My testimony today will address ways in which our current financial system serves to extract wealth, and the need to strengthen and enforce laws to hold banks and other financial institutions accountable to people and communities. At the same time, we must focus on creating public banks and other institutions that are designed to build community wealth and serve the public interest.
The 20 undersigned organizations are pleased to respond to New York City’s Shared Equity Request for Information (RFI). We believe that New York City should be a beacon for cooperative economics, advancing racial and gender equity and community-led development. Our organizations include cooperatives and community land trusts, as well as grassroots and member-led groups that have developed these and other shared equity strategies in Black, brown, and immigrant communities. Also included are organizations that provide critical financing, legal assistance, training and other support to community-led initiatives.
This response to the Shared Equity RFI discusses ways in which a local public bank in NYC would advance shared equity goals, and provides context on current state and municipal policy efforts toward creating a municipal public bank in NYC. Fundamentally, we see public banking as a catalyst for cooperative and community-led development in Black, brown, and immigrant communities, including those hardest hit by the pandemic.
The Nation — Even as the pandemic devastated New York City, megabanks like JPMorgan Chase and Bank of America continued to do a roaring trade. And now those financial behemoths are set to manage the funds that New York City and other municipalities will be deploying for the recovery. But financial justice advocates want to see the City move its money from the Wall Street titans to a public bank, owned and operated by the people.
Daily News — New York has been making slow, halting moves in the direction of creating a public bank — a publicly owned financial institution that would facilitate financial services, especially loans, to help students, families and small businesses, using the billions of dollars in tax revenue, fees and fines and operating cash the city controls.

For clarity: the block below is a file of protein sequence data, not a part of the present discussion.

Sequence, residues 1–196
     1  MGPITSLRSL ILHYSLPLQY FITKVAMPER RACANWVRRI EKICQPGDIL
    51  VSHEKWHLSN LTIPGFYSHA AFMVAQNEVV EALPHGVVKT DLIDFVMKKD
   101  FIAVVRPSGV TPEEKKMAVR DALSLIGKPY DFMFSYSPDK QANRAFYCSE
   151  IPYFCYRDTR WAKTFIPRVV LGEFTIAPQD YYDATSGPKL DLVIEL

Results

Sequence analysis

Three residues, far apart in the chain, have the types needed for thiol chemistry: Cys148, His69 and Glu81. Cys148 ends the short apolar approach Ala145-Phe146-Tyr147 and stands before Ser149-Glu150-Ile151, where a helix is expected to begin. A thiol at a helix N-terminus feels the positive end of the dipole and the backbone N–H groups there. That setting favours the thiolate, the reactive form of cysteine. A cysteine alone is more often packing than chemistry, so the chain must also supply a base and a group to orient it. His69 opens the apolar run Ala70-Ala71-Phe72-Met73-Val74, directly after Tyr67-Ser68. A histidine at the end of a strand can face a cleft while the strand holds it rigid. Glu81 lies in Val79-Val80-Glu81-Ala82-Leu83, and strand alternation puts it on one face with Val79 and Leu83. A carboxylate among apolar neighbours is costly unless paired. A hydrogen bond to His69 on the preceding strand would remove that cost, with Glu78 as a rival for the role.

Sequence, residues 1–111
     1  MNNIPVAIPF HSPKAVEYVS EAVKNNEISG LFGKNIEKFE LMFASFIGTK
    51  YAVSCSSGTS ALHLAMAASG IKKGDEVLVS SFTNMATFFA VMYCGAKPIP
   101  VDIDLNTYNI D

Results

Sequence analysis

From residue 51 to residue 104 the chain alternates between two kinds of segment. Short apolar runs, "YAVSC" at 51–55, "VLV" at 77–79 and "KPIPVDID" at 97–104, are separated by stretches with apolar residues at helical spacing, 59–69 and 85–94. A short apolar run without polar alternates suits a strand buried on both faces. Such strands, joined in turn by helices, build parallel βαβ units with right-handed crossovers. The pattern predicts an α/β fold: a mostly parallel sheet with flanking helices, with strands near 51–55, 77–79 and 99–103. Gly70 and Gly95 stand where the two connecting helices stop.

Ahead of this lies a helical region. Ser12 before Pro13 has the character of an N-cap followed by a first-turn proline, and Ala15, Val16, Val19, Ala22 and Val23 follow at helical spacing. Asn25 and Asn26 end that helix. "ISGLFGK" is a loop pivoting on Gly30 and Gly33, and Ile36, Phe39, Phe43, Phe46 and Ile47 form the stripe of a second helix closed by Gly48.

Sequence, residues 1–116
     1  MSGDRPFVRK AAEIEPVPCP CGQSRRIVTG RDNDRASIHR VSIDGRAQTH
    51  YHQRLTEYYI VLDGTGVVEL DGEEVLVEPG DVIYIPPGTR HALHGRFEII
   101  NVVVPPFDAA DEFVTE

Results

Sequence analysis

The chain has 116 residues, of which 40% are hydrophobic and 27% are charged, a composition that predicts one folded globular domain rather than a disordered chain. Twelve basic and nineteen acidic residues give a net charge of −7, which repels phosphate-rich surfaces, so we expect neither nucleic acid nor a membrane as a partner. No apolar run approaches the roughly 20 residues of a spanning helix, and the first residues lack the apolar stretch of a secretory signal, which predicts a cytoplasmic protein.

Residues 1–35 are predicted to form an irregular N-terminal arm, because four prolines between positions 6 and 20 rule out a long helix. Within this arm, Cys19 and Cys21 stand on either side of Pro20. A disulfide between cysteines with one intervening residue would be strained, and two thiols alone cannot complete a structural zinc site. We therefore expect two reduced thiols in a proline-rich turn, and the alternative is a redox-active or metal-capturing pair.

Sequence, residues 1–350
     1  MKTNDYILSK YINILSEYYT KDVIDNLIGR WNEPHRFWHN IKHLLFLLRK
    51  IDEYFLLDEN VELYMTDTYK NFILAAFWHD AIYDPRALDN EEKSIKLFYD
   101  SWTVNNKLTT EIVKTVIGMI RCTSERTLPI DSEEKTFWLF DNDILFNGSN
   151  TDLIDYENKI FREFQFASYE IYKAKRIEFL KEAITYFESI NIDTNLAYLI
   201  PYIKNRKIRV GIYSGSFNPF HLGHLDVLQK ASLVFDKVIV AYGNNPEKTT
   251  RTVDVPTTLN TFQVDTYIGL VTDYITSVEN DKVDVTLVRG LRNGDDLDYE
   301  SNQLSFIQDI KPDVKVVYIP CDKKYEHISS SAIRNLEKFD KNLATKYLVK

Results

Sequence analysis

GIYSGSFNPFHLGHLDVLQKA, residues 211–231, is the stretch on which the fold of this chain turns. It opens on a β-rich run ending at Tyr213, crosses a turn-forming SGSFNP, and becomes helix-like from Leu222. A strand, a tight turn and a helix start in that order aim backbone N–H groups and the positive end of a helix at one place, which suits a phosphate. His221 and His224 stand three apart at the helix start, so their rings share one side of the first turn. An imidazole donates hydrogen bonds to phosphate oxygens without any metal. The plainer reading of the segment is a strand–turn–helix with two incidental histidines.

Newsday — Banks have charged Long Islanders an estimated $120 million in overdraft, ATM and maintenance fees since the start of the pandemic, compounding the economic hardships experienced by low-income residents, according to a report issued by a coalition of progressive groups Wednesday.
Today, members of the Public Bank NYC coalition held a news conference at the “Charging Bull” sculpture to call out Wall Street for mauling New Yorkers with predatory fees during the COVID-19 pandemic, and to call on Albany to pass the “NY Public Banking Act.”
Gotham Gazette- Reopening the door to Wells Fargo suggests that city officials have not learned the lessons of the past year, or decades. In the face of New York’s severe affordable housing shortage, climate devastation, and extreme racial wealth inequality—all exacerbated by COVID-19—we need bold action.
A public bank would build wealth and power in communities hardest hit by the pandemic. It’s needed now more than ever.
Members of the Public Bank NYC coalition and the NYC Council slammed the NYC Banking Commission’s decision today to approve Wells Fargo’s request to resume holding New York City deposits – potentially billions of dollars. The Banking Commission – composed of the Mayor, Comptroller and Commissioner of Finance, and charged with selecting which banks may hold city deposits – voted today without allowing any input from the public.
Today, an obscure public body, the NYC Banking Commission, will decide the fate of billions of public dollars when it meets to select which banks may hold the city’s cash for the next two years. The big question before the Commission is whether the city should resume banking with Wells Fargo after cutting ties with the scandal-ridden bank in 2017.